FIG. 1 is a schematic block diagram of the pulse amplitude discriminating circuit of the invention.
FIG. 2 is a diagram consisting of a series of graphs all on the same time scale illustrating various wave shapes of signals of pulses at different points in the pulse amplitude discriminating circuit shown in FIG. 1.
Referring to FIG. 1 there is shown schematically a scanner 10 and an amplifier 12 of a particle pulse generating circuit associated with a sensing zone in a particle analyzing device. Such a scanner 10 and amplifier 12 can be of the type disclosed in U.S. Pat. No. 3,259,842, the disclosure of which is incorporated herein by reference. The output of the amplifier 12 is applied to the pulse amplitude discriminating circuit, or simply, electric circuit, of the invention generally identified by the reference numeral 14.
As shown, the electric circuit 14 includes an electronic switch 16 to which the output of the amplifier 12 is applied. The other side of the electronic switch 16 is connected to a conductor 18 which serves as a bus for supplying the particle pulse simultaneously to a first comparator 20, a second comparator 22 and a sample and hold circuit 24. As shown, a first reference voltage 26 is applied to one input of the first comparator 20 and the bus 18 is connected to a second input of the comparator 20. Likewise, a second reference voltage 28 is applied to a first input of the second comparator 22 and the bus 18 is connected to the second input of the second comparator 22.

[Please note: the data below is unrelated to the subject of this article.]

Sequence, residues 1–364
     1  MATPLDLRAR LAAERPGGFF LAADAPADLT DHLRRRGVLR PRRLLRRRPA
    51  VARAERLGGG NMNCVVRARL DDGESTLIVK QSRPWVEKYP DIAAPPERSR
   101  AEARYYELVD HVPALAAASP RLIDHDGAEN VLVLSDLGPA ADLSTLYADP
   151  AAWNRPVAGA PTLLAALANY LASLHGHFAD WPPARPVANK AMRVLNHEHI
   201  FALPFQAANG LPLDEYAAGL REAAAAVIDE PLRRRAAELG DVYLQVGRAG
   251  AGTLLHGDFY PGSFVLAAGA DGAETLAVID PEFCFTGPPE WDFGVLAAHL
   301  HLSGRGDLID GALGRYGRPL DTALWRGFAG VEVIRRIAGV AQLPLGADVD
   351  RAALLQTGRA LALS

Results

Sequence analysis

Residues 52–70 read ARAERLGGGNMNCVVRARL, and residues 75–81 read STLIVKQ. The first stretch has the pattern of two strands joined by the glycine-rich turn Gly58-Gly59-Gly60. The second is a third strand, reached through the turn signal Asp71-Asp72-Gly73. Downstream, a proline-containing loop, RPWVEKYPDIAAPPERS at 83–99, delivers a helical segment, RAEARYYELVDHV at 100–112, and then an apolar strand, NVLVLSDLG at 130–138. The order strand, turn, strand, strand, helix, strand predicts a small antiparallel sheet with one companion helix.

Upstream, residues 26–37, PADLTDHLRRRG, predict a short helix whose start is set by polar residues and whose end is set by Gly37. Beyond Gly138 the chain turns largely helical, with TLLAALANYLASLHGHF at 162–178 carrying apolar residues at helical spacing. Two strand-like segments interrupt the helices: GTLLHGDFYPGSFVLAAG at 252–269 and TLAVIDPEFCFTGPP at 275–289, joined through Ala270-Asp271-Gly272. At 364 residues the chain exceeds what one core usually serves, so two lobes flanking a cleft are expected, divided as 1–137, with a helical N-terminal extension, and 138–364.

The output of the comparator 20 is connected via conductor 29 to a trailing edge detector 30 which in turn is connected to a univibrator 32 the output of which is connected via conductor 33 to a first input 34 of an AND circuit 36. The output of the second comparator 22 is connected to a set input 37 of a bistable multivibrator 38 the output of which is connected via conductor 39 to an inverted input 40 of the AND circuit 36. In the illustrated embodiment, the bistable multivibrator is preferably an R.S. flip-flop.